In the long term, it is bound to work out bad, one way or the other.

I always round to the nearest 15 minutes, but I have known contractors who divide their hourly rate by sixty, then bill by the minute. This seems a bit silly and I suspect most clients would think it ridiculous to receive an invoice for 4 hours, 37 minutes.

Steve Jones (UK)
Monday, September 8, 2003

Especially in this market, I would go for underbilling.

If you or or skills are all that, you can get away with charging the client for prep time, for travel, for reading their emails etc.

More likely it makes sense to show the client that you have put in more than you are charging them. Show them the prep time if you must, but bill them fair, and they will not only keep you for as long as possible, but will refer you to other customers.

Charge them silly for for stupid things, and you will be the first one they let go, with no referrals of course.

Monday, September 8, 2003

To the original poster, it works on trust and results, and managing that is part of being a consultant. As others have pointed out, an essential part of that is providing some sort of work summary so they, and their managers too, can see what you're doing for the day or week.

I always charged by the day or week and never had any serious complaints.

It is important that you defend your right to be paid.

Monday, September 8, 2003

I'm told lawyers charge by the hour, but I don't know anybody who takes it seriously. As a client I look at the work done, reckon how long it would have taken, and then work out what seems to be a fair cost.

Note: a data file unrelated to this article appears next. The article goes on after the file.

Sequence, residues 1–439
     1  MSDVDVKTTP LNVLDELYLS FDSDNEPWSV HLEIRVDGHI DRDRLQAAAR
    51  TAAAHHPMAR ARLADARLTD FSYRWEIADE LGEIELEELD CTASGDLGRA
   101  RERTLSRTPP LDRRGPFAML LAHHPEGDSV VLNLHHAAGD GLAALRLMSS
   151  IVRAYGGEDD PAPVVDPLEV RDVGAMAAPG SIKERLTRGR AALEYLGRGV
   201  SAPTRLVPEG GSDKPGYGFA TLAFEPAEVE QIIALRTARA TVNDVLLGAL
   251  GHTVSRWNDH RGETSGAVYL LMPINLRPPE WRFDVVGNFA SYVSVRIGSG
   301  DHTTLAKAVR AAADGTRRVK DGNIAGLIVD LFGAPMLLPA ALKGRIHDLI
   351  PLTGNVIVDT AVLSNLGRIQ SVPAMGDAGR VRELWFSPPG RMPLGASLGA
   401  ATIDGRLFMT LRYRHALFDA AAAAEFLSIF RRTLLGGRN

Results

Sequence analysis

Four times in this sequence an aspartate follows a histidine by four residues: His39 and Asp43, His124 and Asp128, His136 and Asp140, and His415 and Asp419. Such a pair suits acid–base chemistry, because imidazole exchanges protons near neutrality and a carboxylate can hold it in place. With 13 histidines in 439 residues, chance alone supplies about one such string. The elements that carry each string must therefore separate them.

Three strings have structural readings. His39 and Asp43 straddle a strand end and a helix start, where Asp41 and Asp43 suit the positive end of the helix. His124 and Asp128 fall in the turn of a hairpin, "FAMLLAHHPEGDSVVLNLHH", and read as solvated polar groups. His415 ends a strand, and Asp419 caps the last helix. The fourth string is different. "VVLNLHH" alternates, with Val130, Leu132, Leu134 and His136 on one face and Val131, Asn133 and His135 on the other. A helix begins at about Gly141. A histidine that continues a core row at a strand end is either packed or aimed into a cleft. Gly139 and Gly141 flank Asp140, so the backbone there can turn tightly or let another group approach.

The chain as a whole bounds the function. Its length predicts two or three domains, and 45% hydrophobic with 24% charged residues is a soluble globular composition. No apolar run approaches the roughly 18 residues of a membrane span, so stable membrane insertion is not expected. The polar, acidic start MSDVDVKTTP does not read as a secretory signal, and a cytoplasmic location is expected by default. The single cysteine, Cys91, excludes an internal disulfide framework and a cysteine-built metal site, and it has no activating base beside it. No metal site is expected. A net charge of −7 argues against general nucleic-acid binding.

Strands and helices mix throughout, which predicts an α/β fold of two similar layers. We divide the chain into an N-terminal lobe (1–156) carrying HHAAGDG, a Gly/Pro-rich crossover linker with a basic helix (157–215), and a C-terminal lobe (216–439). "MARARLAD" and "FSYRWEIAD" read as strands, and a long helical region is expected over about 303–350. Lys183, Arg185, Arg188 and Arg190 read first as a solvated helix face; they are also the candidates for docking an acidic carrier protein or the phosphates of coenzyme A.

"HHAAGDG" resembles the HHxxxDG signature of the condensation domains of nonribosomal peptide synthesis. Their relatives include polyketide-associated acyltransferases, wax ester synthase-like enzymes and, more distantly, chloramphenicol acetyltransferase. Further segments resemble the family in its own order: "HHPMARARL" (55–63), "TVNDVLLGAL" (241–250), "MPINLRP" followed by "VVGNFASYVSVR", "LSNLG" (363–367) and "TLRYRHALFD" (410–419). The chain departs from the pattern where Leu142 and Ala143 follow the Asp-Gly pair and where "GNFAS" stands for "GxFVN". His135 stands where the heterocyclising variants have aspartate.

On every occasion but one my estimation has worked out the same as the lawyers bill, and I'm talking three different lawyers in two different countries.

Stephen Jones
Monday, September 8, 2003

There are lawyers whose business is examining and disputing billing by big law firms.

Monday, September 8, 2003

My lawyer bills by the hour, and gives me itemized invoices.

It truly sucks seeing charges like "SENT FAX: $47.50"

Monday, September 8, 2003

Worse is when you query the bill, and they send you a gormless reply with an invoice for $47.50 for replying to you.

If you've hired a lawyer like that you've probably only got yourself to blame, but the worst is when you get the bills from the lawyer of the guy who's suing you!

Stephen Jones
Monday, September 8, 2003

My wife works for a law firm so snooty, they refuse to itemize.  They just send you a bill for the full dollar amount, no description.  Their clients seem to think it is so important to have a top rated law firm, they grin and bare it.  I'm sure that one of these days they are going to completely undermine their reputation, and the firm will decend into chaos.  I honestly doubt they overbill or anything so directly sinister, but they aren't so well managed that you aren't often paying $150+ an hour for some recent Harvard or Columbia law grad to stay up all night sorting through piles of paper and stack them by some useless set of categories.  Meanwhile the government (for once outpacing the private sector) has learned to scan in every last document in a case and google the damn thing when they are looking for something. (But then congress finds a way to make the government settle the case on far better terms than the government's opponent deserves, and I'm not referring only to DOJ vs. MS)

Keith Wright
Monday, September 8, 2003